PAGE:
Four Lessons I learned from Reading Recovery

Matt Renwick

Matt Renwick is an elementary principal in Wisconsin and author of 5 Myths About Classroom Technology and Digital Portfolios in the Classroom (both through ASCD). You can find more of Matt’s work at his newsletter, readbyexample.substack.com.

 

It’s not just an intervention; it’s an investment in students and teachers.

Source: Fargo Public Schools

In 2011, I was hired as an elementary principal in Central Wisconsin.

The school already had a reputation for strong achievement. It was and still is Schoolwide Title I, with anywhere from 60%-70% of students qualifying for free and reduced lunch. I was interested in learning what made this school successful in spite of the challenges of poverty.

Over my five years there I discovered many reasons for their success, including strong teachers, a cohesive community, and continuous professional learning.

And one of the most impactful elements on student learning was the presence of Reading Recovery.

Next are four lessons I learned from this intervention.

Lesson #1 – Reading Recovery teaches readers, not just reading.

Reading Recovery is a 15-week intervention designed primarily for 1st graders.

Within these constraints, teachers are expected to work with the reader in front of them. There is no script to follow. As an example, students are offered choice of which books they would like to read together. Formative assessments such as running records are regularly used to inform the teacher about future instruction.

Reading Recovery first meets students where they are vs. where we would like them to be.

Lesson #2 – Reading Recovery is professional development, not just an intervention.

This perspective comes from Dr. Richard Allington, educational author, researcher, and advocate for evidence-based reading instruction.

When I witnessed my first “Behind the Glass” session, in which one teacher works with a student in a room while other teachers observe through one-way glass next door, I was surprised by the honesty of their critiques they would later offer their colleagues. “You all are tough on each other!” The teachers disagreed, explaining that authentic feedback was a critical part of their practice. (Not surprisingly, one of our Reading Recovery teachers also led a lot of our school’s professional development.)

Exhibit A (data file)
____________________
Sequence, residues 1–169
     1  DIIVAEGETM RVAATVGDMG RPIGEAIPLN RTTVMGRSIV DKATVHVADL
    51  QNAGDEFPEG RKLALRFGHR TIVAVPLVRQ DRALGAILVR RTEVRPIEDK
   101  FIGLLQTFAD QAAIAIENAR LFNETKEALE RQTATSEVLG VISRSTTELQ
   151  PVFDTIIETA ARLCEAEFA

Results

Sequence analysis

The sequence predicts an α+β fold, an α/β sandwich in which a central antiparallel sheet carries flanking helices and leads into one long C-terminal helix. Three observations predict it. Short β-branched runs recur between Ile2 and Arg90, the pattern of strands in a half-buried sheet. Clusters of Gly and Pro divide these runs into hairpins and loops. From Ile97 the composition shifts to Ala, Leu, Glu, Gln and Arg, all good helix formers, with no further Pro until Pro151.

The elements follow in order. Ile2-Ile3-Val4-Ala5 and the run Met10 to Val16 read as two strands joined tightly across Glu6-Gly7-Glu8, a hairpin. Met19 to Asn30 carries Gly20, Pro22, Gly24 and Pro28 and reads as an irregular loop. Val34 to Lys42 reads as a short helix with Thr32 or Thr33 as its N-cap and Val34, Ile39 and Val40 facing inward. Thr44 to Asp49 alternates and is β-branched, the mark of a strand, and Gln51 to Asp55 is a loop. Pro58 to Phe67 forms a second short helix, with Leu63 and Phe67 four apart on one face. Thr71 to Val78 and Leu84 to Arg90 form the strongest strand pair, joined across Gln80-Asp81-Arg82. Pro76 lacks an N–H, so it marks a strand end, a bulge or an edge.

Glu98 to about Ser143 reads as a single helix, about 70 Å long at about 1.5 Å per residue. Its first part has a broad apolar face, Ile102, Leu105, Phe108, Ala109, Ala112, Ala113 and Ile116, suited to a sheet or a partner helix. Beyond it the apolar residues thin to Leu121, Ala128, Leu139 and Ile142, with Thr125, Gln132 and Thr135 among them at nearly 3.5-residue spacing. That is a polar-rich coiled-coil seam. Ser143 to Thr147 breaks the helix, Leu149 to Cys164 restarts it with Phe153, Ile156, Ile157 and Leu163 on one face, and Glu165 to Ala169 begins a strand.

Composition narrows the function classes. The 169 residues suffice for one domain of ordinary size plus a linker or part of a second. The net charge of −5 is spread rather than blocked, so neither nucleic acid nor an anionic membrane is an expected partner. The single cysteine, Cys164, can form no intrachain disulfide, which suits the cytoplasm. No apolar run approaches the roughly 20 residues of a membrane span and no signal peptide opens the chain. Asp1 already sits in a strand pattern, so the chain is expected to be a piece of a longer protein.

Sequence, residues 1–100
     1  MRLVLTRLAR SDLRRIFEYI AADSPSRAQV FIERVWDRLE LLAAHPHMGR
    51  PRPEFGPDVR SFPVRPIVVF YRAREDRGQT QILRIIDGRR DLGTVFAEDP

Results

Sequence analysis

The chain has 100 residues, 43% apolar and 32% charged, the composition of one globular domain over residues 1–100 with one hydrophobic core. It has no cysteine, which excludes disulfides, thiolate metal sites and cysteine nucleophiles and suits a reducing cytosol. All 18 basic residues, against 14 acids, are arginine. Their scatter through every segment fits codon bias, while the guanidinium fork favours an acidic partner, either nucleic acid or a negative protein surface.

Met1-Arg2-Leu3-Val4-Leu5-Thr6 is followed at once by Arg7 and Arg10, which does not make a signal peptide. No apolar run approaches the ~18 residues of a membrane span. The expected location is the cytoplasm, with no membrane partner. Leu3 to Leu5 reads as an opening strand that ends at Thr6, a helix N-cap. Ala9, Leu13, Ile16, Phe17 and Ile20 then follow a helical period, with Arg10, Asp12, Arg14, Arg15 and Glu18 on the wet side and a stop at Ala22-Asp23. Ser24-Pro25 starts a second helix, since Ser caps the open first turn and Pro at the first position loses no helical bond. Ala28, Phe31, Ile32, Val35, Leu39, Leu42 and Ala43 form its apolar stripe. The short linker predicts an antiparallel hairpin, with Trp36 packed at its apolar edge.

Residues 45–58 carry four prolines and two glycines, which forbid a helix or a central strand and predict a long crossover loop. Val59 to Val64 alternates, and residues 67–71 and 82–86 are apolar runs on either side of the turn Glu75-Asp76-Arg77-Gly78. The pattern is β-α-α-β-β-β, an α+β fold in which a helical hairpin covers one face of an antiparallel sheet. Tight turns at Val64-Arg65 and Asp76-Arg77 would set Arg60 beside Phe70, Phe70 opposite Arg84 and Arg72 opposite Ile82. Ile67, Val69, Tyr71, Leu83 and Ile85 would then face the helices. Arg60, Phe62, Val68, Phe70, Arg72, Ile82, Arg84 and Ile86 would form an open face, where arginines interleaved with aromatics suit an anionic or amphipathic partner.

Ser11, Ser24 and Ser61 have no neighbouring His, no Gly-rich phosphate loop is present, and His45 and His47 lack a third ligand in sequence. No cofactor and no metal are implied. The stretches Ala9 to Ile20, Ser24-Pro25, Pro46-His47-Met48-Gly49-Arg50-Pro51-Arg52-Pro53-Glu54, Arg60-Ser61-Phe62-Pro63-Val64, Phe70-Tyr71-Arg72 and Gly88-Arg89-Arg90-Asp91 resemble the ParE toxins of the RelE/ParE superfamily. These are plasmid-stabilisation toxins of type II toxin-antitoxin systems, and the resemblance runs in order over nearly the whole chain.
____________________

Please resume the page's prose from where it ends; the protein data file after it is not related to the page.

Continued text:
I’ve tried to apply this idea into my own work as a literacy leader.

Lesson #3 – Reading Recovery is a literacy and language intervention, not just for readers.

Within the 30 minutes allotted for each session, students are expected to write in addition to reading with the teacher.

What students write becomes a lesson in itself. They are encouraged to write about what they know from their own life. Strategies taught during the reading and language instruction are applied to what students choose to write about. Related, the language teachers use is oriented to students’ strengths and what they are doing well.

It’s an inclusive instructional model, both from an academic and cultural perspective.

Lesson #4 – Reading Recovery supports students for life, not just for school.

Upper grade teachers in our school would comment that “we can tell which students received Reading Recovery.”

Specifically, they observed that students who experienced this intervention had internalized the skills and strategies to be confident and successful readers. They identified as readers. Our own observations are confirmed by current research. Long term benefits include reducing the number of students who qualify for special education, which is a primary purpose for administering a reading intervention.

I think about the financial and life satisfaction implications of these findings, in addition to helping kids become better readers.

Reading Recovery is not just an intervention; it’s an investment in students and teachers.

 

This post was first published on Read By Example and is reprinted with the author’s permission.

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